By Heidi Stevens
WWR Article Summary (tl;dr) A quick review of the new tongue in cheek book, “How to Win at Feminism: The Definitive Guide to Having It All, And Then Some!”
If you’ve ever sat in a meeting to discuss that raise you’ve been pushing for and wondered whether your mani looks fresh, you’ve probably read a women’s magazine.
Nobody’s better at building up your confidence (“3 tips for securing a corner office!”) and simultaneously chipping away at it (“How to shrink your enormous pores!”) than those glossy tomes of you-go-girl inspiration and fix-your-roots-girl advertisements.
And nobody’s better at skewering that mind game than Reductress, the satirical online magazine known as “the feminist Onion.” (Recent installment: “Professional Outfits That Won’t Stop Men From Referring to You as a Girl.”)
Now there’s a Reductress book.
“How to Win at Feminism: The Definitive Guide to Having It All, And Then Some!” (HarperOne) offers such gems as, “How to love your body even though hers is better,” “How to get catcalled for your personality,” “How to be sex-positive even when you’re bloated” and “Designer handbags to hold all your feminism.”
It’s a hoot.
“We definitely had a lot of fun with all types of mixed messages we’re getting from media,” said Reductress co-founder Sarah Pappalardo, who co-wrote “How to Win at Feminism,” along with Beth Newell and Anna Drezen. “A woman shouldn’t care how she looks, but buy this makeup! A woman should love her body, but not love her body too much!”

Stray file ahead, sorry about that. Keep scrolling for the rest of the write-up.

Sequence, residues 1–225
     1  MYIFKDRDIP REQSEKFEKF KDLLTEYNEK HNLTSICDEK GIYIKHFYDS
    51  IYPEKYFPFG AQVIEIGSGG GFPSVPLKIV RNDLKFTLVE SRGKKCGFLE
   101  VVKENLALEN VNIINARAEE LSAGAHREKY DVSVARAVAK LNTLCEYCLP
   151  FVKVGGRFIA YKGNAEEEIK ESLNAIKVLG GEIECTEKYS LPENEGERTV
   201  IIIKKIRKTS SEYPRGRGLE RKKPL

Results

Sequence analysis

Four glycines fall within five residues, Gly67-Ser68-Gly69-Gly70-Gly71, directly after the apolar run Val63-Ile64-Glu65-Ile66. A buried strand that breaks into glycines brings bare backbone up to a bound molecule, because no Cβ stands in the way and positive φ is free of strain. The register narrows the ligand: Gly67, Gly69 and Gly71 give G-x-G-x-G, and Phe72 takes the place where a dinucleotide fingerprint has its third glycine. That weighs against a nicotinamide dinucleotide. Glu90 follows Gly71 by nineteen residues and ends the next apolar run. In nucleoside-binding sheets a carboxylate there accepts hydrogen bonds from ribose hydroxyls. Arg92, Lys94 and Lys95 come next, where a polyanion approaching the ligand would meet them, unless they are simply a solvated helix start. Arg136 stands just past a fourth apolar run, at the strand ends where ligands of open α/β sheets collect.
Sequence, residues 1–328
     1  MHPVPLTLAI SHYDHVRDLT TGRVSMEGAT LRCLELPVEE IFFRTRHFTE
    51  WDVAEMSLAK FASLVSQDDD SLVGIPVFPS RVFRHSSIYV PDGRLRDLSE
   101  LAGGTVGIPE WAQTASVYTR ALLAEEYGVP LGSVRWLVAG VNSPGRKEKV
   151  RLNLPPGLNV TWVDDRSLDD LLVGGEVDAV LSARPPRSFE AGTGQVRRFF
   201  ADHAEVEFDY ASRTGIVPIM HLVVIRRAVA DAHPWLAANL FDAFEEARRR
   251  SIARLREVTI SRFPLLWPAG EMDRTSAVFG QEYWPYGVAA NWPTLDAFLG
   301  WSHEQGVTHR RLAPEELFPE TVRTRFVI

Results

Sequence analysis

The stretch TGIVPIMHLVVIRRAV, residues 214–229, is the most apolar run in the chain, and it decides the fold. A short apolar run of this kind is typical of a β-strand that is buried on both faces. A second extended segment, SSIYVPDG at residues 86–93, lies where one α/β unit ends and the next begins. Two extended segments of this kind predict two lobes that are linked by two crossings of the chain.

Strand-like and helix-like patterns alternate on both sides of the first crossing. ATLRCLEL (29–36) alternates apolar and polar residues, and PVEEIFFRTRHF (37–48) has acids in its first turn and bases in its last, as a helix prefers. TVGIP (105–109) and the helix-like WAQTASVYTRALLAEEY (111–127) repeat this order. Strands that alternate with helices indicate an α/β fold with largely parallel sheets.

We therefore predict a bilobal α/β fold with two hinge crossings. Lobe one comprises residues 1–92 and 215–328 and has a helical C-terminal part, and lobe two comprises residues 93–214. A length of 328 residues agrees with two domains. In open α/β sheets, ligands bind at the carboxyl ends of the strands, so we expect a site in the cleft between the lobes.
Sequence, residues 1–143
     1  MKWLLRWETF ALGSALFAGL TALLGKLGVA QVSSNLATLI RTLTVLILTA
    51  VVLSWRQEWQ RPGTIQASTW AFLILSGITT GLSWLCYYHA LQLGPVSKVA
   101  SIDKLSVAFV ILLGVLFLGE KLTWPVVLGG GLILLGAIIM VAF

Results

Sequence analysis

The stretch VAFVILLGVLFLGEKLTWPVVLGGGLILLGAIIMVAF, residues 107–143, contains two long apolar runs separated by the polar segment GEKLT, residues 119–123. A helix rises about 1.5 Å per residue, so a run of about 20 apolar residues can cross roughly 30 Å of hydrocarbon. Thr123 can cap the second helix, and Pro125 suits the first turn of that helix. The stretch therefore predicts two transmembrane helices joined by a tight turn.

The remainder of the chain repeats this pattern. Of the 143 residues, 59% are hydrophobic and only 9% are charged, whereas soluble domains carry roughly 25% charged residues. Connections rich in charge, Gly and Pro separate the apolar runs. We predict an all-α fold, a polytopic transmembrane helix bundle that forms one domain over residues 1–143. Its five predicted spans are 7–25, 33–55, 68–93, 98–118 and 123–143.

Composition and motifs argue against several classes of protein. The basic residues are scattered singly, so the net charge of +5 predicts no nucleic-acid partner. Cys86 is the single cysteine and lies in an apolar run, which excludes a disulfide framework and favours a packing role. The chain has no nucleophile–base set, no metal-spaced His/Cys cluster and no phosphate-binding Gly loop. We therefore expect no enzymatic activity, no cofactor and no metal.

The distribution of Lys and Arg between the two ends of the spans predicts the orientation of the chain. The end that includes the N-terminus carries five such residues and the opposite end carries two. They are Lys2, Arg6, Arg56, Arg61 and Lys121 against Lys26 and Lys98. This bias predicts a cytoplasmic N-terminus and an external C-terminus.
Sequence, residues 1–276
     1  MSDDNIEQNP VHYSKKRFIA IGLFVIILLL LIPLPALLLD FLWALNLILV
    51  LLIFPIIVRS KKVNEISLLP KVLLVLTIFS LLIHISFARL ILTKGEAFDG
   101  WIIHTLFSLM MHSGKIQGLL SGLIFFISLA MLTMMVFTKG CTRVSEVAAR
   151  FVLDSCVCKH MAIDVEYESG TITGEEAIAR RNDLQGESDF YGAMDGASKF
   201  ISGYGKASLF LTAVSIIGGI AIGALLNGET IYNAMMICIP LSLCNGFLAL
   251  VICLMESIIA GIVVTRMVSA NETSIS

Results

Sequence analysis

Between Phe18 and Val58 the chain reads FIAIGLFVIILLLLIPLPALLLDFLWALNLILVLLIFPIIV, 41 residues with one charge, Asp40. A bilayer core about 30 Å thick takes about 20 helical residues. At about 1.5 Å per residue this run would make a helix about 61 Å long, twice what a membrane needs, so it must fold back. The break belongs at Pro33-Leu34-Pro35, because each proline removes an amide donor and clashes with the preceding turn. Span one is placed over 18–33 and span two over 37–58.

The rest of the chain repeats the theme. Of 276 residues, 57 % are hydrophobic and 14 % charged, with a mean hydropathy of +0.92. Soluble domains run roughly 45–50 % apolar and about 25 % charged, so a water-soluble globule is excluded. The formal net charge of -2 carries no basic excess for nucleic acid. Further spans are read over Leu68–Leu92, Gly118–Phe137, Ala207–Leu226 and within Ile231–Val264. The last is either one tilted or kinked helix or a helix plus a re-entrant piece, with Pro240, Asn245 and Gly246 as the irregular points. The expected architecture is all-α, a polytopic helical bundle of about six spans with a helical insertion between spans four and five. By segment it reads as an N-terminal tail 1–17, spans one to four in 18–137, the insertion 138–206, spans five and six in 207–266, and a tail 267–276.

The book also takes aim at the ways feminism has been co-opted and packaged for maximum trendiness.
“The biggest misunderstanding is this belief that feminism is a label you can ascribe to,” Newell said. “The way people in the media keep asking female celebrities whether they are or aren’t feminists, like feminism is a quick and easy label, rather than a movement with clear objectives.”
Pappalardo added: “We did a piece at the end of 2014 called ‘Prettiest feminists of 2014’ to drive home the way feminism is being used to talk about women’s looks and sell things, the two tenets of women’s media.”
The absurdity of the have-it-all pressure gets the Reductress treatment as well.
“As a strong woman, it’s up to you, and only you, to make sure no babies pop out of you at a bad time,” the authors write.
“Having a baby is your choice and your choice alone. It is also a choice that affects everyone around you and will continue to forever and ever, so don’t be selfish about it, OK? It’s totally your call, but your choice should also be to have kids at some point.”
“Women at Work!” is easily my favorite chapter, particularly the tips for achieving work-life balance but making sure no one resents you for it. (“Weep over a picture of your children, even though they’re in day care downstairs.” “Whenever another PTA mom asks how old your kids are, stammer an incorrect answer.” “Look like hell.”)
Naturally, there’s a segment called “How to do more with 33 cents less.”
“With this book as your wo-manual, you’ll shatter that glass ceiling once and for all,” the authors write. “But you’ll still need to clean up the mess.”